BLOGGING THE INAUGURATION: We’re all Americans on this day
January 18, 2009
The two Kenyan exchange students were dancing in the street. They were about the only ones dancing as I approached them somewhere around 20th Street. The crowd was a bit thinner here, but not much.
“We’re all Americans today,” they shouted as we could hear Bruce Springsteen sing “The Rising.”
Like tens of thousands of others, we were nowhere near the stage. We really weren’t anywhere near the Mall. I had arrived at about 2, taking the 20-minute Metro ride from north Virginia. Somehow, I thought that would be a good time. How many people would still be coming into the area for a concert that had already started? Oh, about 100,000, it turned out.
This trip was “solo” — perhaps a testament from my son, showing his confidence that I could get around OK in the middle of a million or so people.
I talked with Carol from Texas on the Metro about the president-elect. She’s here for the concert, but isn’t staying for the inauguration. Like many others I’ve spoken to, she believes
Obama will “do the job” but she is also pragmatic. She volunteers in her city and is encouraging her 10-year-old daughter to, as well.
“I tell her, don’t just do for yourself, do for others,” she said. If this is any indication, most organizations around the country will have volunteers coming out of their collective nonprofit ears in the coming months.
I could not believe the Metro station at Foggy Bottom. I’m not sure anybody else could, either.
The concert had begun more than an hour before. Security was tight, with somebody every few feet intoning, “Stay on the sidewalk, stay on the sidewalk, stay on the sidewalk!” I lost Carol before we got to the escalators.
As we got closer to the Mall — we were, at least, on the Lincoln Memorial side — we could hear music, but we could also see that we were being routed to the east, toward the Washington Monument, farther and farther away from the stage. I got out of the crowd at 20th or so, not sure, but I wanted to get my bearings before going on.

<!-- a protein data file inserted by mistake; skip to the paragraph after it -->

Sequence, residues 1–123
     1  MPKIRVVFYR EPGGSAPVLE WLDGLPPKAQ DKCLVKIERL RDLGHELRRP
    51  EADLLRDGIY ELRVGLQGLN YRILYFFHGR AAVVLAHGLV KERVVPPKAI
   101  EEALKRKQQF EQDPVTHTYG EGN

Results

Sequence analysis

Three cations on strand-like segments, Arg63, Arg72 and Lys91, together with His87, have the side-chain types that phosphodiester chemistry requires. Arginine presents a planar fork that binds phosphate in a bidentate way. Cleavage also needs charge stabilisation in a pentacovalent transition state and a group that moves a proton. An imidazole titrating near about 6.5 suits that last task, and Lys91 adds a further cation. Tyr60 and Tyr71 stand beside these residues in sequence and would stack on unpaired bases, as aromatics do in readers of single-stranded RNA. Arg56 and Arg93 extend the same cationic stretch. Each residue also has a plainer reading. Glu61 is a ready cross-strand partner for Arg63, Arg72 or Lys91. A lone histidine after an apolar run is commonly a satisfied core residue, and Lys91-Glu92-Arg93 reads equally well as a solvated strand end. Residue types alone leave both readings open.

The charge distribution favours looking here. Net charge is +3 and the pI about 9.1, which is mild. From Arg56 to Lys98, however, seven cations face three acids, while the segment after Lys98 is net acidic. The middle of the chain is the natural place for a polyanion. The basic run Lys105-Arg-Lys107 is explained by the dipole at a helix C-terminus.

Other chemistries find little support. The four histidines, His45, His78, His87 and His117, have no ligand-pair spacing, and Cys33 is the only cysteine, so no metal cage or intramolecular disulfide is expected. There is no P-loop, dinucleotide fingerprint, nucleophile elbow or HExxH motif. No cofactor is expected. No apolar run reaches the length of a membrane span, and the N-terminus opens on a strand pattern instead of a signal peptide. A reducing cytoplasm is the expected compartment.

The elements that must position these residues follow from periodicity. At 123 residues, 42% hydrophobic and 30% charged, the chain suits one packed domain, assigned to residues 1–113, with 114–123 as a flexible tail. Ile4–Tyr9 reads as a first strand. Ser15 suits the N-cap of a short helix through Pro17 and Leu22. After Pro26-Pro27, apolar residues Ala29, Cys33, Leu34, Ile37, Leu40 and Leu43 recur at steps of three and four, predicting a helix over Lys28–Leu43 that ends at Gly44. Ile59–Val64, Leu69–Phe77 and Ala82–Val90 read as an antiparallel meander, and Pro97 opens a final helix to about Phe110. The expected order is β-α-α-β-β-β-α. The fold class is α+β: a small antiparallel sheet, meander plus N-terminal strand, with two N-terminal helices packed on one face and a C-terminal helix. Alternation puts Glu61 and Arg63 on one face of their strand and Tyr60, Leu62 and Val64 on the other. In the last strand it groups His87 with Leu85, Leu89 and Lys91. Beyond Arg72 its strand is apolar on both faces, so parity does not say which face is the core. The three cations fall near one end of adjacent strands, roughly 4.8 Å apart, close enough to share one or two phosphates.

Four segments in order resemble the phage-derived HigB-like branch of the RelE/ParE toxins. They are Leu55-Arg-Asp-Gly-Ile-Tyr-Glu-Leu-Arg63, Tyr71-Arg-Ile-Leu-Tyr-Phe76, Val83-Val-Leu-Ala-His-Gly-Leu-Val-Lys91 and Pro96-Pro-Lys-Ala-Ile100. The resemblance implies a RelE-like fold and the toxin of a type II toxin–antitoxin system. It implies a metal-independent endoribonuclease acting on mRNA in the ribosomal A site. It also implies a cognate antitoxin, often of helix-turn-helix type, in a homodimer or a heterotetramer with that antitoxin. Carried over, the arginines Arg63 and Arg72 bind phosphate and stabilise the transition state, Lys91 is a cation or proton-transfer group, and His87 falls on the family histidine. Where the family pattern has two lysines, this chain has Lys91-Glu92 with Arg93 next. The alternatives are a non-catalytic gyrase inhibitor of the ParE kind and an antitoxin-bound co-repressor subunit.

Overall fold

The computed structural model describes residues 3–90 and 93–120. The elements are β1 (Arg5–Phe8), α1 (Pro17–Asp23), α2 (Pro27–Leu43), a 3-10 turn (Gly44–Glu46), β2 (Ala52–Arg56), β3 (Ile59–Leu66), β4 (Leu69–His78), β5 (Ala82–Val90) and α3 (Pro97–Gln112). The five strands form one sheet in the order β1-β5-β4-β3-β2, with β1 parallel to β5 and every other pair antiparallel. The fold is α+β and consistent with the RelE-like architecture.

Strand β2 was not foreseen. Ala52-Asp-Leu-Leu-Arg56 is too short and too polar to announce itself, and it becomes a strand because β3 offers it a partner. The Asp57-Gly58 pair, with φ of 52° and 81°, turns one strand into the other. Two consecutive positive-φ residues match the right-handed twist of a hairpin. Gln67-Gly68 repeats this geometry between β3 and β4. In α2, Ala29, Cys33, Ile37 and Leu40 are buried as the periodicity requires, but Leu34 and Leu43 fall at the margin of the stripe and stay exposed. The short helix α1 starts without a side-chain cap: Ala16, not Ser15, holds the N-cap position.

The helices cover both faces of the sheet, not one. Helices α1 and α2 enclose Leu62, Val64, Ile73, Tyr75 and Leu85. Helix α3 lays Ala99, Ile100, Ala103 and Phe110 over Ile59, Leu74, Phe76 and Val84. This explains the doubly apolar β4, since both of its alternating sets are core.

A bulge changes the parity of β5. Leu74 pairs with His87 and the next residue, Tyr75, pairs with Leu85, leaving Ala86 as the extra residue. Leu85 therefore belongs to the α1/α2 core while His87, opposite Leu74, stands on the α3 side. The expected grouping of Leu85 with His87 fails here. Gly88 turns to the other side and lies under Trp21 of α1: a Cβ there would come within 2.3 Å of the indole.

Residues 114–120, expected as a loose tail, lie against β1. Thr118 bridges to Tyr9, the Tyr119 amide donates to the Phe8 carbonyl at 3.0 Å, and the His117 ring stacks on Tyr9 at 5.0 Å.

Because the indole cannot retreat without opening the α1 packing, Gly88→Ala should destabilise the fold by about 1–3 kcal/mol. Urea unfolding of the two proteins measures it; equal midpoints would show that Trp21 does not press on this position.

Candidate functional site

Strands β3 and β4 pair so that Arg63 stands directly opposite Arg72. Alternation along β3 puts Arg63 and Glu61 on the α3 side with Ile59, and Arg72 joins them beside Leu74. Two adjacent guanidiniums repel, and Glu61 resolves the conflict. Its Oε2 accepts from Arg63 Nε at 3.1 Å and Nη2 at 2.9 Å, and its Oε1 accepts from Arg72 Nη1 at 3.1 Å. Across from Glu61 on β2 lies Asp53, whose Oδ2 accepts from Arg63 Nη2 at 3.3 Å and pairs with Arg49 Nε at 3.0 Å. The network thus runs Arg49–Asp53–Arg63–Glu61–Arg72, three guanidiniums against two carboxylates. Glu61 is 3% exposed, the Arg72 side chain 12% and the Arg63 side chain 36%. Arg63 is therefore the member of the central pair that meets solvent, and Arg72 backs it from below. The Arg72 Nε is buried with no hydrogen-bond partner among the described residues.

It’s important to note here that a “block” here is the equivalent of about eight or so blocks back home. From 23rd to 18th is about a mile, or close to it.
You could hear the music and the crowd pretty good at 20th, but I wandered back and forth a bit, talking with people, or just watching. While the temperature was about 36, it was cloudy, not windy, so this was a good day.
A family from India seemed disoriented. They were excited and talkative and I could not understand anything they said. One of the traffic cops helped them, or at least tried to.
The crowd pouring forth and on was well-mannered, happy, jovial. Nobody ever lost patience at the seemingly endless array of street hawkers selling anything-Obama. All ages were there, very young, young, old, very old. I caught snippets of a conversation: a couple of young men comparing Obama with Alexander the Great. OK.
I’ve always found people in D.C. to be friendly, outgoing, but I had to remember that many of these people were not from the area. Like me, in fact.
Knowing the concert would end soon, I figured I’d better head back. The few Metro stations that were open would be jammed for hours and I didn’t want to take a taxi into Georgetown, which was my designated Plan B. Problem was, I never saw a taxi.
The concert ends in about an hour or so, and they’re still coming — for Barack Obama, and because, well, we’re all Americans today.